Jobs that require a lot of time sitting can have serious, adverse effects on your posture, possibly leading to muscle fatigue or injury over time. Along the same lines, jobs that require repetitive tasks can put workers at increased risk for fatigue and stress injuries to the back and spine. This repeated, forceful motion can lead to disorders in the soft tissues of the neck and shoulders, often developing over many months or years. This includes employees who work on any sort of assembly line, like automobile assemblers, electronics assemblers, food processors, and garment workers, as well as cashiers and data entry workers.

If you suffered a back injury because of workplace duties or a workplace accident, you could file a claim for workers’ compensation. This no-fault insurance program provides medical treatment, disability compensation, and wage replacement to workers injured on the job. In exchange for this compensation, workers are typically required to give up their right to file a civil suit against the employer. However, when the work-related back injury is caused by a third party, a worker can file both a personal injury claim and a workers’ compensation claim. In these cases, a personal injury claim is often the only way to pursue compensation for pain and suffering, 100 percent of lost wages, future anticipated medical care, and employer contributions to retirement plans—none of which are covered by workers’ compensation.

Hiring an attorney during the workers’ compensation process can be extremely beneficial for you and your claim. An experienced personal injury attorney can help you determine the right amount of benefits you are owed and ensure that your employer takes the claim seriously.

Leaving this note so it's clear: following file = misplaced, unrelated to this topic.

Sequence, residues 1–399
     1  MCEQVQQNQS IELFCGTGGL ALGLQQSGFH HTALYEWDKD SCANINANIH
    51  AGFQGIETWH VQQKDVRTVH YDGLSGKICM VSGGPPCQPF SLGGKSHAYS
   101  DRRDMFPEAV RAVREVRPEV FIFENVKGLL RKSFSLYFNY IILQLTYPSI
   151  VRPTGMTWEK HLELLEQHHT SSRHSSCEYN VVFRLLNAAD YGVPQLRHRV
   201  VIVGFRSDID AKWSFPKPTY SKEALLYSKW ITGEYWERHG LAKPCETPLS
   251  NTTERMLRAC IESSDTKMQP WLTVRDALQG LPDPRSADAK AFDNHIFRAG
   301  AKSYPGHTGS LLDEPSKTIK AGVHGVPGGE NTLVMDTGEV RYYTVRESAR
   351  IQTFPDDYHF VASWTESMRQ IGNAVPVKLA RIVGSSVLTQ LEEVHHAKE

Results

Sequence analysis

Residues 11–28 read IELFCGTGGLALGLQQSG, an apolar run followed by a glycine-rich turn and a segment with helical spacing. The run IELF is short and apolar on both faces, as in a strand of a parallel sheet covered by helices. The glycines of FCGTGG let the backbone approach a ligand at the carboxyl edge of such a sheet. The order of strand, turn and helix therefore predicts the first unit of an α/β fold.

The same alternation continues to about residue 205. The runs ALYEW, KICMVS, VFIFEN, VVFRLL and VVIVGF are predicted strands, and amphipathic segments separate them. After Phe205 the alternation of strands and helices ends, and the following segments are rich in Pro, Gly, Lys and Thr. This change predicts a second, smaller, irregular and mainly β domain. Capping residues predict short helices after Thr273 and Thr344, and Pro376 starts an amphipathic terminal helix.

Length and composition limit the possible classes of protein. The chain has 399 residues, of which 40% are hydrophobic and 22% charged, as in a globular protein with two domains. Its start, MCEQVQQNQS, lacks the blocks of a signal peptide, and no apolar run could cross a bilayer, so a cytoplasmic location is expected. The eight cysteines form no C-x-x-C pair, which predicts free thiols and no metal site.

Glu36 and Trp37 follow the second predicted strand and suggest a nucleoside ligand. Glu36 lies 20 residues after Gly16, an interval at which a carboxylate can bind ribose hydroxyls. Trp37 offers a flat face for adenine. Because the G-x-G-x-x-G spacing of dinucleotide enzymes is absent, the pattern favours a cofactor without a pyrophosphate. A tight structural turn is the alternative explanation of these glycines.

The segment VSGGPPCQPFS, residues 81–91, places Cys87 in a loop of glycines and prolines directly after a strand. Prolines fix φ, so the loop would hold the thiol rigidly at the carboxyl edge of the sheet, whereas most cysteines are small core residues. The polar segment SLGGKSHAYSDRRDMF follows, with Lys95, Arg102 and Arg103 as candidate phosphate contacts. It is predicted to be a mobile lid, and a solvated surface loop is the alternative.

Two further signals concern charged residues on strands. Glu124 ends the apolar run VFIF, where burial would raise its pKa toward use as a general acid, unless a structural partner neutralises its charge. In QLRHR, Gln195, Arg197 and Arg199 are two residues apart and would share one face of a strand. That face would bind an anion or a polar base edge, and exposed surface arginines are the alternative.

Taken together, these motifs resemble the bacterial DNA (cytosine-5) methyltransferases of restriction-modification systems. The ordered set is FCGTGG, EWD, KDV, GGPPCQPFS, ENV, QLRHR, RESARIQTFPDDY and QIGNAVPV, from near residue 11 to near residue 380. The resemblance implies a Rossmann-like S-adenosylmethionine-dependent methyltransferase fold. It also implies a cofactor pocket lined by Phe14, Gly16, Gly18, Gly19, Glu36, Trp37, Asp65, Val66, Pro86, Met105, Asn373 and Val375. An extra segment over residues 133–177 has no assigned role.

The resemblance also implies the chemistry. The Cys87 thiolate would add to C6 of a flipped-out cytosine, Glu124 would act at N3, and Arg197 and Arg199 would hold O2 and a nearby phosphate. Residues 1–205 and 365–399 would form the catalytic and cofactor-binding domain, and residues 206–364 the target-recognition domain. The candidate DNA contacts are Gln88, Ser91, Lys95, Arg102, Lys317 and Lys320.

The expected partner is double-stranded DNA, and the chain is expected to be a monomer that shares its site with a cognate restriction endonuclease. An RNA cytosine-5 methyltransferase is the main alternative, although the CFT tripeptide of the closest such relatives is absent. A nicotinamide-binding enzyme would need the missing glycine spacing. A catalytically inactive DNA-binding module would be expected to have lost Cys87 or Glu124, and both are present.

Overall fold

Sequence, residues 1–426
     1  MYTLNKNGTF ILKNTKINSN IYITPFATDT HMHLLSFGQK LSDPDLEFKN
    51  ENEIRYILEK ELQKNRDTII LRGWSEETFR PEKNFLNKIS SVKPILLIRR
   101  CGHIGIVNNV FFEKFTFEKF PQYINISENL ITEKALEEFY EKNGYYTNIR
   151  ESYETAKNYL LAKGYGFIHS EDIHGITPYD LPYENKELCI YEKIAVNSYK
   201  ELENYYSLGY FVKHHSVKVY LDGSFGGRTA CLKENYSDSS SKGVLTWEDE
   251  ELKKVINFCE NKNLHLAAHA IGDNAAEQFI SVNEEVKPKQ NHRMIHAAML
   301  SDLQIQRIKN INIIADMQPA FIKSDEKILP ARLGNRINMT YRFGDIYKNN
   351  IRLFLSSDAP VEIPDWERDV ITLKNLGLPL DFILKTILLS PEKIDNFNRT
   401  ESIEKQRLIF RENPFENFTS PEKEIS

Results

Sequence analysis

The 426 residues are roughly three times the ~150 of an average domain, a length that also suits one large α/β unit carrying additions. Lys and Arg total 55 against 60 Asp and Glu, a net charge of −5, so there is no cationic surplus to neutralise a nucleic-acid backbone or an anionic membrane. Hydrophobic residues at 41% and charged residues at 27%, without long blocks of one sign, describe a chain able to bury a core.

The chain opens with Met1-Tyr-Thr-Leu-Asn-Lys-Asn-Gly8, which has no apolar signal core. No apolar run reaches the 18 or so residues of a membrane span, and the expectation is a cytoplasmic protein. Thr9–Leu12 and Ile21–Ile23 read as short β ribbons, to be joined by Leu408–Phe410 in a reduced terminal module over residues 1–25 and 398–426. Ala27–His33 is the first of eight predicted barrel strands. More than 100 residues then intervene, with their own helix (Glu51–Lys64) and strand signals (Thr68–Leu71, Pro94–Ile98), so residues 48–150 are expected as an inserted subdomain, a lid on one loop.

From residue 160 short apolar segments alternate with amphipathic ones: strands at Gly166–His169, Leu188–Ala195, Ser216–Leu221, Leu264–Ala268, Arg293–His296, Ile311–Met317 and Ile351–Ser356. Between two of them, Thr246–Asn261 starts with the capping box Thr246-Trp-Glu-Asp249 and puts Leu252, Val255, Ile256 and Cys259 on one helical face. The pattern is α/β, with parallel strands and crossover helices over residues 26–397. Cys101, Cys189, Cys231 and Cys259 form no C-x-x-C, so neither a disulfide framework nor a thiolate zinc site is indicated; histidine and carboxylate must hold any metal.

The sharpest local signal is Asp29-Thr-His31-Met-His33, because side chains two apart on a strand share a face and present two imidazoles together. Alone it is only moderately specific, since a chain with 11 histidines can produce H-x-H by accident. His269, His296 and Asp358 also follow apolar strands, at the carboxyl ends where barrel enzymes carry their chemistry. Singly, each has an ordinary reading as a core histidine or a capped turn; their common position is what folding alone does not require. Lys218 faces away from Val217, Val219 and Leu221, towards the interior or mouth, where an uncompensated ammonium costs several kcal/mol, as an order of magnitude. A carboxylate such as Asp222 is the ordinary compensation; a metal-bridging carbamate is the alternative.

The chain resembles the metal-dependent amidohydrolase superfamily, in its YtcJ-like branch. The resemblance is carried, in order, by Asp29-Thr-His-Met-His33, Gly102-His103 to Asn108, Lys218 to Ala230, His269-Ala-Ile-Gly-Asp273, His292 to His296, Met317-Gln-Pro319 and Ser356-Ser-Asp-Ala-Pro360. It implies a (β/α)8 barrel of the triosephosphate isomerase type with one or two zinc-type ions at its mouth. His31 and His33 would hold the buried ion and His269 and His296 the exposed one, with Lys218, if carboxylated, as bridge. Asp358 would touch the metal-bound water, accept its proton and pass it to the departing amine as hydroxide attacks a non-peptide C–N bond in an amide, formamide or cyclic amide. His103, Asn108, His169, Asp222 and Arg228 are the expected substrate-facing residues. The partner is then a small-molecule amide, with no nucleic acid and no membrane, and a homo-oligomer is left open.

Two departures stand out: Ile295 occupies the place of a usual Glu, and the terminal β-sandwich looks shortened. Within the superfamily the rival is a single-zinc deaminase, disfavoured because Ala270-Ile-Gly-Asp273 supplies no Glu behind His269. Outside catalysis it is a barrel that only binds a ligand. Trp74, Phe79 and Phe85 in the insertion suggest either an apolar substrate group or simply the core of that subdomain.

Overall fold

How Do You Prove a Back Injury Case?

Proving a personal injury often comes down to negligence. In order to prove negligence, you must prove that the defendant owed some sort of duty to the plaintiff, the duty was not upheld, and that the failure resulted in some sort of injury to you. In other words, the defendant failed to exercise reasonable care and, as a direct result, you were injured.

There are a number of factors that can contribute to back injuries, many of which are beyond your control. Possible negligent scenarios include:

Contact a New Jersey Back Injury Lawyer

An experienced personal injury attorney will be able to conduct a thorough investigation and determine who is liable for your back injury. During more than 80 years’ worth of combined trial experience, Maggiano, DiGirolamo & Lizzi have secured a number of significant personal injury verdicts and settlements, including the largest-ever settlement in a construction accident case and numerous other multi-million dollar awards. We have the resources and experience to deal with insurance adjusters and opposing attorneys alike.

Maggiano, DiGirolamo & Lizzi have the resources and expertise to see your case through to the very end. If you or a loved one has suffered a back injury due to someone else’s negligence, call (201) 585-9111 or contact us online to schedule your free and confidential consultation.